Playing with roles can have other interesting effects, too. A boy or a girl, transitioning to adulthood, can leave childhood behind, seemingly in a moment, either because of an external event or because of an internal incident. For example, if one encounters child abuse, perhaps seeing a father bending back the fingers of his son’s hand, by way of “punishment,” will the witness become involved? Intervene? Pretend nothing unusual is happening and ignore the abuse? Whatever he or she does, the adolescent characterizes him- or herself, perhaps in several ways. Will a teen participate in the bullying, intimidation, and humiliation of a classmate simply because his or her “friends” are doing so, speak out against the harassment, stop the abuse and find new friends (perhaps starting with the bullied person), or ignore the situation altogether? Again, whatever he or she does, the teen characterizes him- or herself. The response shows maturity and independence (and compassion) or the opposites. Often, we are more revealed by what we say or do (or do not say or do) than others to whom we say or do whatever it is we say or do. (Yes, that is a sentence, of sorts.)
Dynamic characters (those who change by the end of the story) necessarily reverse the roles they played, as it were, at the beginning of their narratives. The Wizard of Oz’s Dorothy Gale is disappointed in her home, dependent, and complaining at the beginning of the movie, but, at the end, as a result of the experiences she’s had in Oz, she is appreciative of her home, independent, and glad to be surrounded by the family and friends whom she’d taken for granted before. Tested, tired, and resigned to her fate at the end of the series’ seventh year, Buffy the Vampire Slayer is no longer the unproven, perky, rebellious teen she was at the start of the show. Dynamic characters end up as the opposites of themselves. Arguably, even for a vampire, Buffy would be hard to mistake as a victim at the end of the series, just as it would be difficult for the Wicked Witch of the west to cowl Dorothy after all she’d been through in the wonderful land of Oz.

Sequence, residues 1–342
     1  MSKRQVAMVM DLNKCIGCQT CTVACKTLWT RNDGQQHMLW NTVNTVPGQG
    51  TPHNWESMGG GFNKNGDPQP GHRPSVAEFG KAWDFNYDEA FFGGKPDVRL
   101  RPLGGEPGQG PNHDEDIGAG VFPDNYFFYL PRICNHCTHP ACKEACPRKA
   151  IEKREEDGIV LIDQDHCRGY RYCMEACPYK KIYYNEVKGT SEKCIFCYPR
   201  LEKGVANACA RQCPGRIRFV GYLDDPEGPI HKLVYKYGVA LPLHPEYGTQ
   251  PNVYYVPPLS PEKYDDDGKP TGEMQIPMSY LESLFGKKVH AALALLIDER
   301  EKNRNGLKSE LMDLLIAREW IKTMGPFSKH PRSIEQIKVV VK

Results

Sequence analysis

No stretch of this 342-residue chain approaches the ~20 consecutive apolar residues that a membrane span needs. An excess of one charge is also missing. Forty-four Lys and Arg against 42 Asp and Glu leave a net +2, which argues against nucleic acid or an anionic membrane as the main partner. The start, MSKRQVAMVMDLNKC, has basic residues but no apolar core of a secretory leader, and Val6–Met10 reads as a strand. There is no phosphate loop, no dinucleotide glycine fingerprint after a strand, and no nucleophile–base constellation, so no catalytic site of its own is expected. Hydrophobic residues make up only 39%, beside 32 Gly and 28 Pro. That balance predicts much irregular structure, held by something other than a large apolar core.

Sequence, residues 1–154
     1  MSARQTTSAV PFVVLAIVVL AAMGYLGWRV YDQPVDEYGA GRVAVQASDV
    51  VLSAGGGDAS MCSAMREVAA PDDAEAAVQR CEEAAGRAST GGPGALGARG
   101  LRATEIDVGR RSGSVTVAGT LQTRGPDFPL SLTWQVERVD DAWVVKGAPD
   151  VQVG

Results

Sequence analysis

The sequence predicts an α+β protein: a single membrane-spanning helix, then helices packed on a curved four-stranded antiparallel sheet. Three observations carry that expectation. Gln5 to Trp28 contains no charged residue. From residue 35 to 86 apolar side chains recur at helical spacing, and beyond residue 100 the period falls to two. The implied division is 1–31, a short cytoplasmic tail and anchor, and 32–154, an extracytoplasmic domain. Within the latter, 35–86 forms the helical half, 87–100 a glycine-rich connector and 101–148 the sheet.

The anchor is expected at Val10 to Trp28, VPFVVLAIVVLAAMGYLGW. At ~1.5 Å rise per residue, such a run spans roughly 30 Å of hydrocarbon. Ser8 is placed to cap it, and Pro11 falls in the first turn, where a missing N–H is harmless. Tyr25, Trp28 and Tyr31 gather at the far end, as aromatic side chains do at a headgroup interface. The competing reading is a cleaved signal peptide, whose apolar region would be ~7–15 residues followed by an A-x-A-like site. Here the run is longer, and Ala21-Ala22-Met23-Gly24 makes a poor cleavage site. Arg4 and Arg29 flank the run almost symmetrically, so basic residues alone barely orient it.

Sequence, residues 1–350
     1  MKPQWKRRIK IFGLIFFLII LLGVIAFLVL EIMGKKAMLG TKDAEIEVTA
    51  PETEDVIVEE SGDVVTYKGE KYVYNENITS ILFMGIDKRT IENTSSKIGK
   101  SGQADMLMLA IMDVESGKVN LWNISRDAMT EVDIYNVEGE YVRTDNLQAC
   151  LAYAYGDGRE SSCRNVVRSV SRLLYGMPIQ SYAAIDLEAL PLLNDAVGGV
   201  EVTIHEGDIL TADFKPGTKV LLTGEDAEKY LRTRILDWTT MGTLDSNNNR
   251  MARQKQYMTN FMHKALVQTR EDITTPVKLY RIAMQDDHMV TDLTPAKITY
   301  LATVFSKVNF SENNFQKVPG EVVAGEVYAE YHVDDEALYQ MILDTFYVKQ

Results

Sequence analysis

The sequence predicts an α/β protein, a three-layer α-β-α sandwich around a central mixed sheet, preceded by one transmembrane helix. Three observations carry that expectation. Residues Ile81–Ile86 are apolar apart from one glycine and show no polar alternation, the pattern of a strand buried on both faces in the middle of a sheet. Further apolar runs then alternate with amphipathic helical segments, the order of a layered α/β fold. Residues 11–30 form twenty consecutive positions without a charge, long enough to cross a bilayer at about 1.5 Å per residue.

As far as others know (and can know), each of us is what we say, what we do, and the various roles that we play. For good or for ill, because we can think differently than we speak or act, we are able to deceive others, just as they are able to deceive us. We can also be hypocrites, acting at odds with what we say we believe or endorse. The possibilities of deceit and hypocrisy are important to writers, because they allow subterfuge, betrayals, treachery, treason, and the other violations of trust upon which intrigue, suspense, irony, and plots are built.
Speech (dialogue), behavior (action), and role playing are the bases, along with nonverbal communication cues such as facial expressions and gestures, of characterization and its exhibition to readers and audiences. It is, therefore, a good habit for a writer, in studying people (as models for fictional characters) to not only observe what and how people say and do things but, equally importantly, to imagine the various ways in which the same things might be said or done, both by the present and by other people, and both in their presently adopted or assigned roles and in other possible ones. Who might have imagined that a man, through technology, could become a mother of sorts? Mary Shelley did, in the fictional person of Victor Von Frankenstein, and, if Joss Whedon hadn’t imagine a reversal of roles between the teenage girl and her supernatural attacker, Buffy the Vampire Slayer never would have been born.